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Premature babies evacuated from Gaza are fighting respiratory infections and malnutrition in Egyptian hospitals as their mothers remain in the besieged enclave, an official from the UN's Children's Fund has told The National.
Thirty-three infants were scheduled to be evacuated from Gaza's Al Shifa Hospital on Sunday. That number dropped to 31 with the death of two babies by the time a team co-ordinated by the UN arrived at the hospital. The team then undertook a perilous journey with the infants, who were wrapped in tin foil to keep them warm and driven several hours south without incubators, before reaching Rafah on the border with Egypt.
Twenty-nine babies have now been transferred to Egypt. Some of them are in a serious condition, having clung to life for the past six brutal weeks.
"It's heartbreaking to see these babies without the care that they should be getting," Unicef's Egypt representative Jeremy Hopkins told The National from Cairo.
"There are respiratory infections, malnutrition, and overall vulnerabilities which accompany premature babies," he said of their condition.
Eight babies, including a set of twins, have their mothers with them in Egypt, while the mother of another child is awaiting entry to Egypt at the Rafah border crossing.
"The children are split between Al Arish Hospital and Cairo. Some of those children are in particularly critical condition but others are more stable. They are getting the best possible care they can get."
The babies were born several weeks before or since the start of the most brutal war yet in Gaza, where more than 13,000 people have been killed. At least 6,000 people are said to be missing, presumed to be buried under the rubble of destroyed buildings.
Gaza's health ministry has published the names of the babies moved from Al Shifa.
One, who remains in Gaza's Emirati hospital - went unnamed, simply listed as arriving "after the bombing".
It is presumed the baby, who appeared in an October video from the health ministry, was the child rescued from his mother's womb as she succumbed to injuries sustained during an Israeli strike on her home.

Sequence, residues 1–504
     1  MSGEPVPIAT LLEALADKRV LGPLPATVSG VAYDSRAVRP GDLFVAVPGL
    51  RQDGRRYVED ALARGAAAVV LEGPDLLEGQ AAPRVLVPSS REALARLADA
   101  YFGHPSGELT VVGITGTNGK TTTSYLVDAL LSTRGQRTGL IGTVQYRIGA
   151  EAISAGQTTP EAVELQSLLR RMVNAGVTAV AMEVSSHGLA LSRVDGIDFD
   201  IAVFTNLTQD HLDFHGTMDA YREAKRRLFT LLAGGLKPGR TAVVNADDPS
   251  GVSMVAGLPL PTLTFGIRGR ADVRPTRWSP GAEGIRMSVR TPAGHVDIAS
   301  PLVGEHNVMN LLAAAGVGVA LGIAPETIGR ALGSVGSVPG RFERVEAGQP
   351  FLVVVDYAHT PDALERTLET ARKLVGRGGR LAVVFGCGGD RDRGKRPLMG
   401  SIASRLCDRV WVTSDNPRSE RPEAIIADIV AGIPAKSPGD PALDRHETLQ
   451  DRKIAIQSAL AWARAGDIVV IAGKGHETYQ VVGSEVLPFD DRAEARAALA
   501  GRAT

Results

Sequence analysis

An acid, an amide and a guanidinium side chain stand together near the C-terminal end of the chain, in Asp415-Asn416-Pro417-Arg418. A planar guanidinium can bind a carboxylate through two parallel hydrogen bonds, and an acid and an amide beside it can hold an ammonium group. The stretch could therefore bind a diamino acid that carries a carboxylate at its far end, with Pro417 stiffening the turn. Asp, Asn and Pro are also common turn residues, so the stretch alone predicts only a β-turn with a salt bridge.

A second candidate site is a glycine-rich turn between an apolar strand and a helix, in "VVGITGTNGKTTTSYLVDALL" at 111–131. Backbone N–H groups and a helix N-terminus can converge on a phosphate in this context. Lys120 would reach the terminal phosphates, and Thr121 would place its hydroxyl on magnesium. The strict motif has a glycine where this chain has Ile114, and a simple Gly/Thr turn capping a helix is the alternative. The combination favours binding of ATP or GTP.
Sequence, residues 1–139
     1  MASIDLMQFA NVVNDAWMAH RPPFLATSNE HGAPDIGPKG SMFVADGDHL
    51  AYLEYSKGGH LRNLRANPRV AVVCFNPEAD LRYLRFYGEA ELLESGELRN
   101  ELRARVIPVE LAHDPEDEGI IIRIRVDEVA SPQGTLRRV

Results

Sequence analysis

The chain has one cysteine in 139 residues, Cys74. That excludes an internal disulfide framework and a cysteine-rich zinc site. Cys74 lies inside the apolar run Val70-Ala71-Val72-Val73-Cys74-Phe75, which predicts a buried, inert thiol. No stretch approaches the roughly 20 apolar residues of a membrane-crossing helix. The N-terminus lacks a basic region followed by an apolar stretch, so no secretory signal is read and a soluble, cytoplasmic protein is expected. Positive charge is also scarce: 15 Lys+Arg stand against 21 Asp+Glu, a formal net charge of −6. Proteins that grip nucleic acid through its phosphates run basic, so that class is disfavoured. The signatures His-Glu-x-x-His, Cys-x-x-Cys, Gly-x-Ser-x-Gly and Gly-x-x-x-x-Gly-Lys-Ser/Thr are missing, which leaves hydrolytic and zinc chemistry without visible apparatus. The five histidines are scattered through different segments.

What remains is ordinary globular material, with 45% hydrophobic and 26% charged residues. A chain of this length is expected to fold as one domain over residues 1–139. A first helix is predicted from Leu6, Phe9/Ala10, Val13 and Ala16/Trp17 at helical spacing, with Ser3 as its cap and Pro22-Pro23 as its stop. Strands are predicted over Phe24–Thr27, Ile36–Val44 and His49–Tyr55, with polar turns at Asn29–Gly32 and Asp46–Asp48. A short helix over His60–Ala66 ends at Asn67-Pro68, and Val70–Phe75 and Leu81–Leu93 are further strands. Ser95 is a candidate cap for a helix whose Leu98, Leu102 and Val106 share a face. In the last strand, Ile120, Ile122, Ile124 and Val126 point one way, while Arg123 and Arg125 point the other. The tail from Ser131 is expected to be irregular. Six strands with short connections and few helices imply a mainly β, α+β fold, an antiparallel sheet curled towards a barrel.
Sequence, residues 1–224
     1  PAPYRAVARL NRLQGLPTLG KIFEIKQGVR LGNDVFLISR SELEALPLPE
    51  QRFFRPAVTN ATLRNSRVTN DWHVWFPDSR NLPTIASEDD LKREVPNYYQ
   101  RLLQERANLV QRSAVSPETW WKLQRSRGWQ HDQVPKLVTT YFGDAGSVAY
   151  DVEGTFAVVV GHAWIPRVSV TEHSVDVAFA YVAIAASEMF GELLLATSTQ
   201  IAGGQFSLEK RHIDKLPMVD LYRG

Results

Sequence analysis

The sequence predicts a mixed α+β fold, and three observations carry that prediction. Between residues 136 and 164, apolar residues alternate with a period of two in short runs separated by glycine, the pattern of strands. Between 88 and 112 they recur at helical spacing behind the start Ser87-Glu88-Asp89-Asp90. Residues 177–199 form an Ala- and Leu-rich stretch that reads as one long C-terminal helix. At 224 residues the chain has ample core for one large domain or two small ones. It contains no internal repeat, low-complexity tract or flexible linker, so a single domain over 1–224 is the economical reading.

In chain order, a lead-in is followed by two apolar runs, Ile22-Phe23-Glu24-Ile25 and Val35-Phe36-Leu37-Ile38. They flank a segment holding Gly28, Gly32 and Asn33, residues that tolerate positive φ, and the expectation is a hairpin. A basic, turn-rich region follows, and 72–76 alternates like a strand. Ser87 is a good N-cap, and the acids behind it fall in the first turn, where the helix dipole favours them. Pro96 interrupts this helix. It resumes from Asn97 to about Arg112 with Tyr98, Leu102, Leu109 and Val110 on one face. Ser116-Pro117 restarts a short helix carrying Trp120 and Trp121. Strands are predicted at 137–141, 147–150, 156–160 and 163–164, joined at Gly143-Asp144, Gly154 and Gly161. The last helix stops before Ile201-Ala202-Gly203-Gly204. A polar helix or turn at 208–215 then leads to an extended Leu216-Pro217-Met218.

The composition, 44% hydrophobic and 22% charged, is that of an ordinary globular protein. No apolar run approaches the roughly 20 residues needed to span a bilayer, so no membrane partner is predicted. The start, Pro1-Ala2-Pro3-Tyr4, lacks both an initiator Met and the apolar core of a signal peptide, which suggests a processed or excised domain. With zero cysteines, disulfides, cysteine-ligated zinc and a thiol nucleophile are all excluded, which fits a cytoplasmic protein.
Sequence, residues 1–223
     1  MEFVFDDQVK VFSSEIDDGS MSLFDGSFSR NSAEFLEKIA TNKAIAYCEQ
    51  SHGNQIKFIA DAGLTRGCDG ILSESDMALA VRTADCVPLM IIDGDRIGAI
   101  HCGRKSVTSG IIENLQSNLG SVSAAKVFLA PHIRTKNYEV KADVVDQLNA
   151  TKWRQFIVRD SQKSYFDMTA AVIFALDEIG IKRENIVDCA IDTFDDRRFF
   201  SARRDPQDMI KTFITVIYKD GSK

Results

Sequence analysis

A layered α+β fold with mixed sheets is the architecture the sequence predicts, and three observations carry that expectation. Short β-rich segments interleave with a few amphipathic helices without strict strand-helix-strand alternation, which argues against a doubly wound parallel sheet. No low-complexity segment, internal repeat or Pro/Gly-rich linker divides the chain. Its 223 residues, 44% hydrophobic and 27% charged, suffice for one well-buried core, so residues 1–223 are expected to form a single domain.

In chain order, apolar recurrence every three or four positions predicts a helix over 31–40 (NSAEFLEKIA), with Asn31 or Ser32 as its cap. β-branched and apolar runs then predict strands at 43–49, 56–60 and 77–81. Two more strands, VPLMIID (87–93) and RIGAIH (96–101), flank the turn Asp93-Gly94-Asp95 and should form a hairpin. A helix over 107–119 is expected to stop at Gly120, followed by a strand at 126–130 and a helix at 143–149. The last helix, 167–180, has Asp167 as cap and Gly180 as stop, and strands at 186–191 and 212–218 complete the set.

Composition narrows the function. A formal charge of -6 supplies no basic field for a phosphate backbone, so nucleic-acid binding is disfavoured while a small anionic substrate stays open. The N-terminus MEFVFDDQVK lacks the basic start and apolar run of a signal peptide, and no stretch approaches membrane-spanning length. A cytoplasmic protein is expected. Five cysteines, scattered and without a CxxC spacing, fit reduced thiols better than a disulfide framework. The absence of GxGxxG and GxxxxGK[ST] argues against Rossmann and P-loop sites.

Several mothers were able to briefly see their children at the Emirati Hospital in Rafah, where the babies were gently placed under thick blankets to stay warm while making their way to Egypt.
One woman was seen crying and warming her hands before caressing her baby, placed in an incubator with several other infants.
"I saw them for the first time today since I gave birth," Nour Al Bannah, mother of the twins, told the Associated Press.
"I did not expect to see them again," said Ayat Al Dour, from Gaza City.
"It was a difficult feeling, I felt fear coupled with joy. I missed them very much and wanted to hold them in my arms."
Unicef's family tracing teams in Gaza have undertaken taken painstaking work to track down parents and relatives of the babies left alone, some of whom are now orphans.
"It's an immediate cause for additional protection concerns. We need to ensure these babies are reunited with their families as soon as possible. That is an absolute right of every child," said Mr Hopkins, who said reunification efforts are "ongoing".
The representative praised the Egyptian health ministry for its work in assisting the babies, and says the UN continues to liaise with Cairo.
Doctors have said many parents have been unable to see their children since Israeli forces ordered civilians to evacuate south ahead of its raid on Al Shifa. Weeks later, all but nine of Gaza's hospitals are still operating - and there are more than 150 premature babies left in the enclave.
"The health system is under terrible pressure in Gaza, which has all but collapsed, but there are some healthcare and facilities functioning. There will be more babies born prematurely, there are babies born every day in Gaza, and possibly more are going to be born prematurely given the current situation," said Mr Hopkins.
Children of all ages have borne the brunt of the war in Gaza, with more than 5,600 killed in the enclave since October 7. Thousands more have been orphaned and wounded.
"The stories that I have heard have been horrific. Prior to this conflict, two thirds of children had some sort of mental health problem. Now we can safely assume that all children in Gaza have trauma and require psychosocial support," said Mr Hopkins.
"Some children are having nightmares, some children have stopped talking. Every day is a day lost for children."
"There are children who have been kidnapped that need to be returned. The killing in Gaza and across the region, in the West Bank, needs to stop. No child is going to be safe until we have an end to this."